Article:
Patients undergoing a Medicare annual wellness visit say they would be satisfied and comfortable with having a clinical pharmacist practitioner working alone conduct the visit rather than having a physician do it, according to a new study from the University of North Carolina at Chapel Hill. Having a pharmacist conduct wellness visits frees up physicians to focus on patients’ chronic and acute health conditions.
Study participants ranked the quality of care they received from their clinical pharmacist provider an average of 4.7 with 5 being very satisfied. When asked if they were as comfortable discussing health information with a clinical pharmacist practitioner as they were with a physician, the patients said that they were, averaging a 4.1 on a scale of 1 to 5 where 5 indicated strong agreement. The Journal of Managed Care & Specialty Pharmacy published the study.
A clinical pharmacist practitioner is a licensed pharmacist approved to provide drug-therapy management under the supervision of a licensed physician.
“CPPs may serve as a viable option to expand patient access an care to annual wellness visits with the growing shortage of primary care physicians,” said Betsy Shilliday, Pharm.D., senior author of the study and an associate professor of clinical education at the UNC Eshelman School of Pharmacy. “In addition, patients stated that they liked the different perspective the CPP could offer compared to their primary care physician, particularly the focus on medications.”
Shilliday said the study supports the existing evidence of patient satisfaction with a pharmacist conducting an AWV.
“Medicare AWVs offer an opportunity for pharmacists to provide direct patient care focused on preventative health, identify areas for patient interventions and contribute to team-based care,” Shilliday said. “Clinical pharmacist practitioners may serve as a viable option to expand patient access and care with the growing shortage of general practitioners.”
Wellness visits were created in 2011 as part of the Affordable Care Act. Medicare Part B covers an annual visit to the doctor for the purpose of developing or updating a personalized plan to prevent disease and disability. Pharmacists can conduct these visits under a physician’s supervision. The visit includes activities such as administering a health survey, conducting a complete medication review and taking measurements of weight, blood pressure, and cognitive function.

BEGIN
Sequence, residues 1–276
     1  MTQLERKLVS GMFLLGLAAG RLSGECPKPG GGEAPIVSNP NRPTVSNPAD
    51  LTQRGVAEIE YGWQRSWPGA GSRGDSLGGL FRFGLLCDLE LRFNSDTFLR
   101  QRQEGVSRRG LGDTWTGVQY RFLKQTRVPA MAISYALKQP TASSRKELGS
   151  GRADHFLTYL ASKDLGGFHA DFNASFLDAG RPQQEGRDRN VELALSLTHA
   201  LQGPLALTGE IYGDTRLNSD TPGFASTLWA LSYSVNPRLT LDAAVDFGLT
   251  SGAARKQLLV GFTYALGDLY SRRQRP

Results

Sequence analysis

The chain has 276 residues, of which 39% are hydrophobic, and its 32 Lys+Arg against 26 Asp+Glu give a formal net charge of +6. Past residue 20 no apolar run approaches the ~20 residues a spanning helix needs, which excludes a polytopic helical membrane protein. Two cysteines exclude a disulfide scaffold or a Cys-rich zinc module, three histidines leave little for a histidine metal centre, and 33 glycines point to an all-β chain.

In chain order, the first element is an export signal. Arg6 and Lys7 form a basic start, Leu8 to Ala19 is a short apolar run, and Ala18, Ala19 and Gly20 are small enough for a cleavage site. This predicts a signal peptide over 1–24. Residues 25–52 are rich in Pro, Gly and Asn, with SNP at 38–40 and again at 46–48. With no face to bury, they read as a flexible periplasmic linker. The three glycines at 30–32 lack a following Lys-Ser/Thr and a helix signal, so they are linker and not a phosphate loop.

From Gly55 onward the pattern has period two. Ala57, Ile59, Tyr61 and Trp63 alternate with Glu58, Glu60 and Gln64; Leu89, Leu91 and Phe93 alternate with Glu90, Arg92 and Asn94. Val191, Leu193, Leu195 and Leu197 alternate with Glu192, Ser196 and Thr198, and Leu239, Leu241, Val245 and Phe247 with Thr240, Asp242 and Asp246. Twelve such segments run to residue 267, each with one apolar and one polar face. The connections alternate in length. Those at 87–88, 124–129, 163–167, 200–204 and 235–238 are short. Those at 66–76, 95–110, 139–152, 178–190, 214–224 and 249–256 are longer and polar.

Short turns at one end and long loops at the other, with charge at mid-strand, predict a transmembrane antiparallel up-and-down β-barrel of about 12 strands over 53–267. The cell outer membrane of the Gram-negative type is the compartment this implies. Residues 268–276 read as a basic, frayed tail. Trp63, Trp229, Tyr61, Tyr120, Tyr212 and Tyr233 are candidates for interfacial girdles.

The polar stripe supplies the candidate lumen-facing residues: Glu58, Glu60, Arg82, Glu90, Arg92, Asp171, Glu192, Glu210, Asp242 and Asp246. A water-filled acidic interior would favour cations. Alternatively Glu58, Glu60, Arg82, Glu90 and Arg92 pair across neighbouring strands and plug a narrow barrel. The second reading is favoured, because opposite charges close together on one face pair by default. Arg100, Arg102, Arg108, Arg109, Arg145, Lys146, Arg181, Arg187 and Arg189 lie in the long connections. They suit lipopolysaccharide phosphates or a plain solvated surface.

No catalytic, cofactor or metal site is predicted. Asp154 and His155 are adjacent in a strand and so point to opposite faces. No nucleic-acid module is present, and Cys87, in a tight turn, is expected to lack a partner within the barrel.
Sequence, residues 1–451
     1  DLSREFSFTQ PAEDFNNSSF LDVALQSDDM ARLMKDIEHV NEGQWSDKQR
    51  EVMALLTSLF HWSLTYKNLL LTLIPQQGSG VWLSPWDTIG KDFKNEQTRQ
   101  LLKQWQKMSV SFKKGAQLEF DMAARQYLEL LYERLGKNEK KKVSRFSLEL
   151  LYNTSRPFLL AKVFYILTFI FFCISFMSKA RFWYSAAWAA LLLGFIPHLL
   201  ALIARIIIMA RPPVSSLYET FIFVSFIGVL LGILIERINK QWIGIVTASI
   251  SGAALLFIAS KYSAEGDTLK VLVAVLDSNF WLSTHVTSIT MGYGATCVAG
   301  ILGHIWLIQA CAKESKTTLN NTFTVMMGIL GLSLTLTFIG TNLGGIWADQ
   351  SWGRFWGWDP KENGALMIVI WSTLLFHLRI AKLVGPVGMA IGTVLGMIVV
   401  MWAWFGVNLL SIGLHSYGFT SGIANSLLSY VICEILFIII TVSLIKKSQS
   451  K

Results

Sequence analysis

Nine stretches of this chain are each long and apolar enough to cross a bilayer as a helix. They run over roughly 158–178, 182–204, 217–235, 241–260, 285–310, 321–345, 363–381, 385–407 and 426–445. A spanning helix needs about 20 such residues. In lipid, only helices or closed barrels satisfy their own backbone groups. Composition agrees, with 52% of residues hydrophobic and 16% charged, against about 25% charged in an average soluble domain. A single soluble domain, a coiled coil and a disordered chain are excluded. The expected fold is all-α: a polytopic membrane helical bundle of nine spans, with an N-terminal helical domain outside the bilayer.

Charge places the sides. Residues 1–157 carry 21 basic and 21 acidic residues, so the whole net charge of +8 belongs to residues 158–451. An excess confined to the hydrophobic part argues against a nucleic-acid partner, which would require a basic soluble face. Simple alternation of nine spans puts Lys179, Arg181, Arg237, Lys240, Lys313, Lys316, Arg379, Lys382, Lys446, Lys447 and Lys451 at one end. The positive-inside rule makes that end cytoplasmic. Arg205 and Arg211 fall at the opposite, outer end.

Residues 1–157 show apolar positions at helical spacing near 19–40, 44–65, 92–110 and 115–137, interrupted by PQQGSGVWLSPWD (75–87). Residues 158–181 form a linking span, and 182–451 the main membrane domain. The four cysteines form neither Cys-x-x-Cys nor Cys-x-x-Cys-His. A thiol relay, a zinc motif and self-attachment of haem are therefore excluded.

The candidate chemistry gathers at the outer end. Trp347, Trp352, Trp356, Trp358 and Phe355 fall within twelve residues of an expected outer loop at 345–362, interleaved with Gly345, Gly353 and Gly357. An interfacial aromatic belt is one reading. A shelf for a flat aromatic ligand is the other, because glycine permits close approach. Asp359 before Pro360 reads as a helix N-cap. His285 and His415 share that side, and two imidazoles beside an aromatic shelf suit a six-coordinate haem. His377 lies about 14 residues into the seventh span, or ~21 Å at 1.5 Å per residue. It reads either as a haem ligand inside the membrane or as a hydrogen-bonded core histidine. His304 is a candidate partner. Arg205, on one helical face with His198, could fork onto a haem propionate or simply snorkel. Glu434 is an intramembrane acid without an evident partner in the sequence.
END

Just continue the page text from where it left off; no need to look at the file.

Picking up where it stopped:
The study, conducted between June 2012 and March 2013, included patients who whose wellness visit was conducted by a clinical pharmacist practitioner accompanied by a physician. There were 46 participants aged 66 years or older. Fifty-eight percent were female and 87 percent were Caucasian. The margin of error was An unaffiliated pharmacy student then conducted telephone surveys with each participant asking them to rank from one to five their satisfaction with their provider and their comfort level with an unaccompanied clinical pharmacist practitioner providing care in the future.
Authors and Citation
- Christina H. Sherrill, Pharm.D., is an assistant professor of clinical sciences at High Point University.
- Jamie Cavanaugh, Pharm.D., is an assistant professor of clinical education at the UNC Eshelman School of Pharmacy and a clinical assistant professor of internal medicine at the UNC School of Medicine.
- Betsy Bryant Shilliday, Pharm.D., is an associate professor of clinical education at the UNC Eshelman School of Pharmacy.
Sherrill, C. H., Cavanaugh, J., & Shilliday, B. B. (2017). Patient Satisfaction with Medicare Annual Wellness Visits Administered by a Clinical Pharmacist Practitioner. Journal of Managed Care & Specialty Pharmacy, 23(11), 1125-1129. doi:10.18553/jmcp.2017.23.11.1125